While coastal cities in the U.S. face the risk of sea level rise as Earth warms, cities in the American Southwest face another hazard, extremely high temperatures. This is requiring people to adapt in many ways. California published its Fourth Climate Change Assessment this week, which includes a 67-page section on the state’s desert areas. Sammy Roth summarized five major takeaways from the report. The New York Times had an interactive graphic that allows you to enter your birthplace and year of birth and then see how the number of days with maximum temperatures exceeding 90°F has changed, among other things. One way to lower temperatures in cities is to plant trees. Unfortunately, nationally, 36.2 million urban trees are lost each year, along with a corresponding depletion of all their benefits, including carbon storage and cooling.
When we think about the impacts of sea level rise on Miami-Dade County, FL, the first things that comes to mind are the effects on roads, houses, and stormwater infrastructure. Writing at Climate Changed, Christopher Flavelle argued that the main threat of sea level rise to the habitability of Miami-Dade is to its water supply.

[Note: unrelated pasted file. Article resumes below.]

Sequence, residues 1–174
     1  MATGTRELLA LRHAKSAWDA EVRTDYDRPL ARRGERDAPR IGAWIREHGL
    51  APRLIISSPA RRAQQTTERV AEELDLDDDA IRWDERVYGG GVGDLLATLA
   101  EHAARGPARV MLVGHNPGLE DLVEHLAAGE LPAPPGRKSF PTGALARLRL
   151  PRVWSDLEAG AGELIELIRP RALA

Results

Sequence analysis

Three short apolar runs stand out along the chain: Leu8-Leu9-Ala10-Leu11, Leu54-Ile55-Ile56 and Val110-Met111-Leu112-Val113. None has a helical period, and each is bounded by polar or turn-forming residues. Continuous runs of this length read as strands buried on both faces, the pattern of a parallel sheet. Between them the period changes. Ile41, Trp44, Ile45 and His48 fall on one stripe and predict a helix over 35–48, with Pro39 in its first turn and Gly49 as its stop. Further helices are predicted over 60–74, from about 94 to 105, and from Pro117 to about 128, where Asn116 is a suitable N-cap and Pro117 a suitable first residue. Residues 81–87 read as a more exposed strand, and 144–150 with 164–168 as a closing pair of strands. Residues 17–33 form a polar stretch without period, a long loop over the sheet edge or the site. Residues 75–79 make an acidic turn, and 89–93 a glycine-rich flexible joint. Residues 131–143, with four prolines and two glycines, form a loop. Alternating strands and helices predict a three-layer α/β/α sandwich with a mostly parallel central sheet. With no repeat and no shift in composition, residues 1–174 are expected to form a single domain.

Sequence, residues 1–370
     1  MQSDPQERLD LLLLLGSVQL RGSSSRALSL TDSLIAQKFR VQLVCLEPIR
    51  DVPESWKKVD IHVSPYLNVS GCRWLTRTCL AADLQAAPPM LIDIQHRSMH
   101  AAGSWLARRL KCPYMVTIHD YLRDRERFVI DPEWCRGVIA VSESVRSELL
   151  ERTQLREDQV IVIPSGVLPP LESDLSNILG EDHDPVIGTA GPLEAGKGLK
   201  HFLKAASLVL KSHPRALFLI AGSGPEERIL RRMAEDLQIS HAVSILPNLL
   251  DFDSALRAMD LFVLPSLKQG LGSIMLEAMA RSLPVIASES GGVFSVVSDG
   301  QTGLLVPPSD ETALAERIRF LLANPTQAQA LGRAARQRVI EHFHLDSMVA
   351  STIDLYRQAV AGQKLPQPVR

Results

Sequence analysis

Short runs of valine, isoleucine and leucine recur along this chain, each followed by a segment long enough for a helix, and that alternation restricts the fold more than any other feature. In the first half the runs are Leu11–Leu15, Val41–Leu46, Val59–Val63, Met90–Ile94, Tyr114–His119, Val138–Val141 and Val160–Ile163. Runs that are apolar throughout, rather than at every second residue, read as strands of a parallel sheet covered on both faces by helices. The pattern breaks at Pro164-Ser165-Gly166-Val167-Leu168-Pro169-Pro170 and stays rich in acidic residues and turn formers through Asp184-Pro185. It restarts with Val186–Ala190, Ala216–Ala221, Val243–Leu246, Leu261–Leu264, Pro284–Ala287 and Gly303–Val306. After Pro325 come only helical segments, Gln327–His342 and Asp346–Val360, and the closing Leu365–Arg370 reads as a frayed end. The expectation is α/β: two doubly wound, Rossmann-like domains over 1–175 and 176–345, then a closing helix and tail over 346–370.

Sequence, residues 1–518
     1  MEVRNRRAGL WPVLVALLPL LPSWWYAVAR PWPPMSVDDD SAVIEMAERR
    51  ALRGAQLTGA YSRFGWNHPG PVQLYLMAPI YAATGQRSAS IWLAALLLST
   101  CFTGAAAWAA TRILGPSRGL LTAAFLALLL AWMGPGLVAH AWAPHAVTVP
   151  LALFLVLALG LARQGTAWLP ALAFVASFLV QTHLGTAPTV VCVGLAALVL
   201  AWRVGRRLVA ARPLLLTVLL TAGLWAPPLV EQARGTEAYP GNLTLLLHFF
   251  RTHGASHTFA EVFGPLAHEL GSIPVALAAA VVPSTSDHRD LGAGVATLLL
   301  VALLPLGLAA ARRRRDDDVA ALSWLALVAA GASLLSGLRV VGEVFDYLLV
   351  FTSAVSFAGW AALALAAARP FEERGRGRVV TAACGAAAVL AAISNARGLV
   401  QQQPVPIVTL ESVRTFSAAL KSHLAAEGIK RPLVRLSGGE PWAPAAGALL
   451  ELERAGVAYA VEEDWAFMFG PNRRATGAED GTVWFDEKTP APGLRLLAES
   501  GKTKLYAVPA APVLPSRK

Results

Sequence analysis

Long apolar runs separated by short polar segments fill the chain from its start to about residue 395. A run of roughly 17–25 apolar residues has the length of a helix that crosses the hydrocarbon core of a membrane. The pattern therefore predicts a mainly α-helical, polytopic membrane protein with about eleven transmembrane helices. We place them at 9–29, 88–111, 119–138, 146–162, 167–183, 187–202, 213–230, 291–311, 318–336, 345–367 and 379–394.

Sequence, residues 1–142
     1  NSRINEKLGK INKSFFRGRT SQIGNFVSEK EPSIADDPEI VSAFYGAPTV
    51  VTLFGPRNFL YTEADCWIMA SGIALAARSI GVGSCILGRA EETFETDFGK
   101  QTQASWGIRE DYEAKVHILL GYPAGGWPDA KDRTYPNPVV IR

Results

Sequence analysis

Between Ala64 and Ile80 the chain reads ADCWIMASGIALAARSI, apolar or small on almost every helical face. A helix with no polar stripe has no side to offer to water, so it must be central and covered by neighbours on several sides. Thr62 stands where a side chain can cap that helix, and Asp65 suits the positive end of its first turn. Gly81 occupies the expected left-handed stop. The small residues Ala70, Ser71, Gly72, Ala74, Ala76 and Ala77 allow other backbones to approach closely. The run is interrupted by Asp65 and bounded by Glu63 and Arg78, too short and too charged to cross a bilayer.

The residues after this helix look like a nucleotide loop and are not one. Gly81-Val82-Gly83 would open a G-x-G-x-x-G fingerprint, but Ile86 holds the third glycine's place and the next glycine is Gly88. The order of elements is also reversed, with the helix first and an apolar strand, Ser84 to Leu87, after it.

Two articles published this week examined the impacts of warming on global food supplies. One, published in Science, looked at losses of wheat, corn, and rice to insects. It found that global yield losses of the three crops will increase by between 10 and 25% per degree Celsius of global mean surface warming. The other, in Nature Climate Change, estimated that at atmospheric CO2 levels of 550 ppm, an additional 175 million people would be zinc deficient and an additional 122 million people would be protein deficient. One South Korean company thinks the way around such problems is to grow non-commodity food crops in tunnels, while a company in Scotland says that their indoor farm is the most advanced in the world. And another large study of global fossil and temperature records from the past 20,000 years suggests that Earth’s terrestrial ecosystems are at risk of drastic changes as Earth warms, especially if humans continue burning fossil fuels as in the past.